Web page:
Election officials in dozens of states representing both political parties said that there was no evidence that fraud or other irregularities played a role in the outcome of the presidential race, amounting to a forceful rebuke of President Trump’s portrait of a fraudulent election.
Over the last several days, the president, members of his administration, congressional Republicans and right wing allies have put forth the false claim that the election was stolen from Mr. Trump and have refused to accept results that showed Joseph R. Biden Jr. as the winner.
But top election officials across the country said in interviews and statements that the process had been a remarkable success despite record turnout and the complications of a dangerous pandemic.
“There’s a great human capacity for inventing things that aren’t true about elections,” said Frank LaRose, a Republican who serves as Ohio’s secretary of state. “The conspiracy theories and rumors and all those things run rampant. For some reason, elections breed that type of mythology.”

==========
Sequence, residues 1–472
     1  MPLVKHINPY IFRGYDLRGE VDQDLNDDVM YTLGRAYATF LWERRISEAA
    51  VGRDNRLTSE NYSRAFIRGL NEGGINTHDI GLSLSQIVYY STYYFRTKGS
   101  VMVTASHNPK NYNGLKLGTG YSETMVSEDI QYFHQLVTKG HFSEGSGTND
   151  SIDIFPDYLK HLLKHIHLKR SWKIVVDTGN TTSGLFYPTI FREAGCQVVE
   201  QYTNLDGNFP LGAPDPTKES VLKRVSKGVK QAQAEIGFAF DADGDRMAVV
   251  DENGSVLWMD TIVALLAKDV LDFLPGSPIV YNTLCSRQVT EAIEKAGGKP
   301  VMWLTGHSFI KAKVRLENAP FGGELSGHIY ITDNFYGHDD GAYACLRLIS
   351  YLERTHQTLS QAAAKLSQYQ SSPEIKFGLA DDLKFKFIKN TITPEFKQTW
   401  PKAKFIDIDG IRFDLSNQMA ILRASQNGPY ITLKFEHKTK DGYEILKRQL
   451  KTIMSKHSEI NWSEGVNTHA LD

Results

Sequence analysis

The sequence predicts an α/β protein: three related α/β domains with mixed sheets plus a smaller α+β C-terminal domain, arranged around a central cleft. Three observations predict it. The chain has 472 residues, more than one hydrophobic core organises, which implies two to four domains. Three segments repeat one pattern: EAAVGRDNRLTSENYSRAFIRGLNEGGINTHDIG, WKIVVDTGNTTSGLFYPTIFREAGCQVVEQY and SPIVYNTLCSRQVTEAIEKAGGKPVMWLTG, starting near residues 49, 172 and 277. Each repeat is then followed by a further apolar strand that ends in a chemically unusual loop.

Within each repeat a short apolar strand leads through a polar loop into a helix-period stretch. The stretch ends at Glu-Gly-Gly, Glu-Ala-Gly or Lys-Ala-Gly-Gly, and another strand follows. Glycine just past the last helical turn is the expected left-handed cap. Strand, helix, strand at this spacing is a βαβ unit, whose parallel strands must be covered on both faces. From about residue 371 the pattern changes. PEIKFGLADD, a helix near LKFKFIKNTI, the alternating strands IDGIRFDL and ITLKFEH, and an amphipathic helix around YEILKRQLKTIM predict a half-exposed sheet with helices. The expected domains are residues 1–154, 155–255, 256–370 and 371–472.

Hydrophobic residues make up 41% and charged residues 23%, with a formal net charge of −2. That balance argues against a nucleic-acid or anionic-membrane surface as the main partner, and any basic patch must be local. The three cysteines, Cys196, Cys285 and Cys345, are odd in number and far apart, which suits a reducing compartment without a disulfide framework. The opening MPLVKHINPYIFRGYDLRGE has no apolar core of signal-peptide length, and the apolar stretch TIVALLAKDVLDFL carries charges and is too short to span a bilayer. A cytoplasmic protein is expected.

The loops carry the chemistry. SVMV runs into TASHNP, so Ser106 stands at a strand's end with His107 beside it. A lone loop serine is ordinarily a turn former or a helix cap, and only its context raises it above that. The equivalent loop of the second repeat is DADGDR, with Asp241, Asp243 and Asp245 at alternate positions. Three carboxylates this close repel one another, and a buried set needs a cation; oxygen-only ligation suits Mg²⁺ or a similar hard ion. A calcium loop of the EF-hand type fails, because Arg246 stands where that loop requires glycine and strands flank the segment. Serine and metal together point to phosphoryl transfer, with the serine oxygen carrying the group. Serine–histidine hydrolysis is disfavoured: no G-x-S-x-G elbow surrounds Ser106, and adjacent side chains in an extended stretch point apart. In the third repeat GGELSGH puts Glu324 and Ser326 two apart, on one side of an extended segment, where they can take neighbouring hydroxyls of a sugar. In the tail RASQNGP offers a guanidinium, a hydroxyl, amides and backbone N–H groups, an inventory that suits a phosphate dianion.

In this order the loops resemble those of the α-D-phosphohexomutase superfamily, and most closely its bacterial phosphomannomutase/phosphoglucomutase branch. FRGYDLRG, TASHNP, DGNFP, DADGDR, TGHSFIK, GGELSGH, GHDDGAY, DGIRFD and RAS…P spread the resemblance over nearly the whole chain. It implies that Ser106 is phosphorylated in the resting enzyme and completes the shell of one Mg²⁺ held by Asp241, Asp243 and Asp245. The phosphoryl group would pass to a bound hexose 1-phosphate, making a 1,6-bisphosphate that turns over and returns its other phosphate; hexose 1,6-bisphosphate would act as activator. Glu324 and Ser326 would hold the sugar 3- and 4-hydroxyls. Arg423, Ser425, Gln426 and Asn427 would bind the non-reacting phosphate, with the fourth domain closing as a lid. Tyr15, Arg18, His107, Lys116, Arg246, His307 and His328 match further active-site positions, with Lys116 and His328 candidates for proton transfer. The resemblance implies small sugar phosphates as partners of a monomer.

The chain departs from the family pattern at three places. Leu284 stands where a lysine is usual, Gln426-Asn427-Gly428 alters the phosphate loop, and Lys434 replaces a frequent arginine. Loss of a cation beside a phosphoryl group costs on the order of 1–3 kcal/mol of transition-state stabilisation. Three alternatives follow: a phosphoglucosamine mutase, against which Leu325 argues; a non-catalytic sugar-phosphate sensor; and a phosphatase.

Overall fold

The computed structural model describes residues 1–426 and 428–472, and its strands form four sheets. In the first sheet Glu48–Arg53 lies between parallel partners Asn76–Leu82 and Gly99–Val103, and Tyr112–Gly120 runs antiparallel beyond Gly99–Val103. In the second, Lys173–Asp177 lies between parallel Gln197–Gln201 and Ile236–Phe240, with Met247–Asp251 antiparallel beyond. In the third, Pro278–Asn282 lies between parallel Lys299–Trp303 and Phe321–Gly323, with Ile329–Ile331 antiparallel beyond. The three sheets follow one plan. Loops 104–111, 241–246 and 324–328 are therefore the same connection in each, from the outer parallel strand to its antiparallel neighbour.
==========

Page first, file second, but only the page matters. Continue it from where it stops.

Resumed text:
Steve Simon, a Democrat who is Minnesota’s secretary of state, said: “I don’t know of a single case where someone argued that a vote counted when it shouldn’t have or didn’t count when it should. There was no fraud.”
“Kansas did not experience any widespread, systematic issues with voter fraud, intimidation, irregularities or voting problems,” a spokeswoman for Scott Schwab, the Republican secretary of state in Kansas, said in an email Tuesday. “We are very pleased with how the election has gone up to this point.”
The New York Times contacted the offices of the top election officials in every state on Monday and Tuesday to ask whether they suspected or had evidence of illegal voting. Officials in 45 states responded directly to The Times. For four of the remaining states, The Times spoke to other statewide officials or found public comments from secretaries of state; none reported any major voting issues.
Statewide officials in Texas did not respond to repeated inquiries. But a spokeswoman for the top elections official in Harris County, the largest county in Texas with a population greater than many states, said that there were only a few minor issues and that “we had a very seamless election.” On Tuesday, the Republican lieutenant governor in Texas, Dan Patrick, announced a $1 million fund to reward reports of voter fraud.